Study of the Kabbalah underwent a dramatic rebirth of interest in the 1960s when there was both a resurgence of Jewish spirituality and an interest in the mystic teachings of the Kabbalah by many individuals in the New Age Movement. The appeal of the Kabbalistic teachings to those seekers in the New Age lay to a great extent in the understanding that God's essence may emanate through various realms of existence and that each human may draw from that supreme power to help bring the act of creation to its final perfect state. Many Kabbalistic groups sprang up around the country utilizing the ancient teachings to assist their members to achieve deeper states of meditation, to accomplish healings of themselves and others, and to reach higher levels of mystical insight.

Delving Deeper

Berg, Yehuda. The Power of Kabbalah. San Diego, Calif.: Jodere Group, 2002.

Kaplan, Aryeh. Meditation and Kabbalah. New York: Weiser, 1989.

Scholem, Gershom. Kabbalah. New York: Penguin Group, 1978.

Spence, Lewis. Encyclopedia of Occultism. New Hyde Park, N.Y.: University Books, 1960.

Unterman, Alan. Dictionary of Jewish Lore and Legend. New York: Thams and Hudson, 1991.

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kabbalah

kabbalah or cabala (both: kăb´ələ) [Heb.,=reception], esoteric system of interpretation of the Scriptures based upon a tradition claimed to have been handed down orally from Abraham. Despite that claimed antiquity, the system appears to have been given its earliest formulation in the 11th cent. in France, and from there spread most notably to Spain. There were undoubtedly precedents, however; kabbalistic elements are discernible in the literature of earlier Merkavah mysticism (fl. after c.AD 100) inspired by the vision of the chariot-throne ( "merkavah" ) in the Book of Ezekiel. Beyond the specifically Jewish notions contained within the kabbalah, some scholars believe that it reflects a strong Neoplatonic influence, especially in its doctrines of emanation and the transmigration of souls (see Neoplatonism). In the late 15th and 16th cent., Christian thinkers found support in the kabbalah for their own doctrines, out of which they developed a Christian version. Kabbalistic interpretation of Scripture was based on the belief that every word, letter, number, and even accent contained mysteries interpretable by those who knew the secret. The names for God were believed to contain miraculous power and each letter of the divine name was considered potent; kabbalistic signs and writings were used as amulets and in magical practices.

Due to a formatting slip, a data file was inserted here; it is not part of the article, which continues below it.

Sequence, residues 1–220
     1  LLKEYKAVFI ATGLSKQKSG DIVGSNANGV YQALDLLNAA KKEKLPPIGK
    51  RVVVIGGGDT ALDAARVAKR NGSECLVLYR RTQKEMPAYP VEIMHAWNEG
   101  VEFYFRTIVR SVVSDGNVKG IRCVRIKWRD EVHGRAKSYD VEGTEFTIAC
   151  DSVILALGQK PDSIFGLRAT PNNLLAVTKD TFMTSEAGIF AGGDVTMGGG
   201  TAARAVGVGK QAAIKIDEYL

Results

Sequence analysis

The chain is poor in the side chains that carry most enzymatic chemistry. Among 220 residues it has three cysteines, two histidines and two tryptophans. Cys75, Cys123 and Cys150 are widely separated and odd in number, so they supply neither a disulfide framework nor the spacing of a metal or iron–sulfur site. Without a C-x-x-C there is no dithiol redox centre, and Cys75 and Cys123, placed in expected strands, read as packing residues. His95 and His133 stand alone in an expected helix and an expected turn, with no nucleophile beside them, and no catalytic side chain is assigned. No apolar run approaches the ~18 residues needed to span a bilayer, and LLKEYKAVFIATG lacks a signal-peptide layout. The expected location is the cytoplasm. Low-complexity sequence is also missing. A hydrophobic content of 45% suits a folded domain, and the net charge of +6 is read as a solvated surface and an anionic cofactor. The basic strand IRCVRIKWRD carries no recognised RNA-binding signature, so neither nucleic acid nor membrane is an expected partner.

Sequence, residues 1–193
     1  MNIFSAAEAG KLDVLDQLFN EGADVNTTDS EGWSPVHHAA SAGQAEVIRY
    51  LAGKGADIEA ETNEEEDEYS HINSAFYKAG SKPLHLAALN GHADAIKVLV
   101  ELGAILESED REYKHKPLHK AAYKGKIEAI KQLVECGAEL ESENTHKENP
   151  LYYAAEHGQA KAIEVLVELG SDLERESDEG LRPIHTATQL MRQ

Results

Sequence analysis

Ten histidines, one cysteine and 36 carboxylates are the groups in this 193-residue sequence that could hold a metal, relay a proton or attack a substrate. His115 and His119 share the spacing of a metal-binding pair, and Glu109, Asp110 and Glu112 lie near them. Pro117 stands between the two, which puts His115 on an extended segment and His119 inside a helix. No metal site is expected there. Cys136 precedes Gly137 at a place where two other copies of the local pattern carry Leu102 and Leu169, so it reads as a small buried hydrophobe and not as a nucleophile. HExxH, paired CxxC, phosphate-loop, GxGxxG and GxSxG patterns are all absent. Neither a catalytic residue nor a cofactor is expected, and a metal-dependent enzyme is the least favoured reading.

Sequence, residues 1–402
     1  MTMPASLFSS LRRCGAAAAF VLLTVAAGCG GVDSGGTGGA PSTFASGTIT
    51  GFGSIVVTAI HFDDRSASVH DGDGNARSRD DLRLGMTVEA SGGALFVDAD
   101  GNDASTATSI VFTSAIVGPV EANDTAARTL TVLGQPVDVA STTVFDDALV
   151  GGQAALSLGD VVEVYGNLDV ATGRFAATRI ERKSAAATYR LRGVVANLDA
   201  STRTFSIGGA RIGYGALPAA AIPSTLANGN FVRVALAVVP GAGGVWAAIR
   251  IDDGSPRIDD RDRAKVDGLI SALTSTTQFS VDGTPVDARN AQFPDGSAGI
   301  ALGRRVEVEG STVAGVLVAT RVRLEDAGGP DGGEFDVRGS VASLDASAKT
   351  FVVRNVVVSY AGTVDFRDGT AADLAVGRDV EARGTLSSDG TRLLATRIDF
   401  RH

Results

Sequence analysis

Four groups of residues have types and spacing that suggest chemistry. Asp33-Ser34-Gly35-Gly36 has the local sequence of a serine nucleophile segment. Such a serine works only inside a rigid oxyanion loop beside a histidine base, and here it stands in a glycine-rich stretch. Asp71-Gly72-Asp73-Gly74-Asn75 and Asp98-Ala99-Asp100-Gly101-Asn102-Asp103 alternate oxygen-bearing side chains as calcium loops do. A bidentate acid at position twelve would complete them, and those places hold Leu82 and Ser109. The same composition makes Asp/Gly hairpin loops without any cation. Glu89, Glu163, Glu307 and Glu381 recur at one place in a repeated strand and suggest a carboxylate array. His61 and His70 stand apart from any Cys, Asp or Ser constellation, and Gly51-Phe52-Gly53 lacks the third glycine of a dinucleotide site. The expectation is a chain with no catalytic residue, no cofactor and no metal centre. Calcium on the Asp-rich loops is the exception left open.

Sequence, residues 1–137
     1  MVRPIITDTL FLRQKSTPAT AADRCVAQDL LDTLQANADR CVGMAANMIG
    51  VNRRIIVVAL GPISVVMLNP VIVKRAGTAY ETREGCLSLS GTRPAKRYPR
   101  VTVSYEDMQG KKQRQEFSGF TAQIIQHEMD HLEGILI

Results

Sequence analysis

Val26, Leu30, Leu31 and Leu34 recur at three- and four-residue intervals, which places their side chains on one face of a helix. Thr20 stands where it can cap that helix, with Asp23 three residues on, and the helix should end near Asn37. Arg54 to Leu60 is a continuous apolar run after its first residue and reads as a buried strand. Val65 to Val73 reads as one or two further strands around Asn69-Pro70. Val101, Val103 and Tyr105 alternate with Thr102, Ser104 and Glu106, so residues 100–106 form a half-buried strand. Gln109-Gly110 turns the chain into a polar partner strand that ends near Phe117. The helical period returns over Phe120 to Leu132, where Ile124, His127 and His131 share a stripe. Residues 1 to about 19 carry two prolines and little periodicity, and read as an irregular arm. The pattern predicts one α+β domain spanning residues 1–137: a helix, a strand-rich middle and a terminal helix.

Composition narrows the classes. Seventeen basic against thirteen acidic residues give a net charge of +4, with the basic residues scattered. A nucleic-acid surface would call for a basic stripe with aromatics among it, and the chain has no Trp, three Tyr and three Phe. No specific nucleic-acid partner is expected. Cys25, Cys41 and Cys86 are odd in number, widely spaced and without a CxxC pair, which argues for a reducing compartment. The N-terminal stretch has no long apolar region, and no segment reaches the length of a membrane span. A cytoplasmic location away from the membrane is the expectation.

The two principal sources of the kabbalists are the Sefer Yezirah (tr. Book of Creation, 1894) and the Zohar (tr. 1949; The Book of Enlightenment, 1985; The Book of Splendor, 1995). The first develops, in a series of monologues supposedly delivered by Abraham, the doctrine of the Sefirot (the powers emanating from God, through which the world is created and its order sustained), using the primordial numbers of the later Pythagoreans in a system of numerical interpretation. It was probably written in the 3d cent. The Zohar consists of mystical commentaries and homilies on the Pentateuch. It was written by Moses de León (13th cent.) but attributed by him to Simon ben Yohai, the great scholar of the 2d cent. AD Following the expulsion (1492) of the Jews from Spain, kabbalah became more messianic in its emphasis, as developed by the Lurianic school of mystics at Safed, Palestine. Kabbalah in this form was widely adopted and created fertile gound for the movement of the pseudo-Messiah Sabbatai Zevi. It was also a major influence in the development of Hasidism. Kabbalah still has adherents, especially among Hasidic Jews.

See G. Scholem, On the Kabbalah and Its Symbolism (1965) and Kabbalah (1974); H. Weiner, Nine and One Half Mystics: The Kabbalah Today (1969); J. Dan and F. Talmage, ed., Studies in Jewish Mysticism (1982); M. Idel, Kabbalah (1988); D. Rosenberg, Dreams of Being Eaten Alive: The Literary Core of the Kabbalah (2000).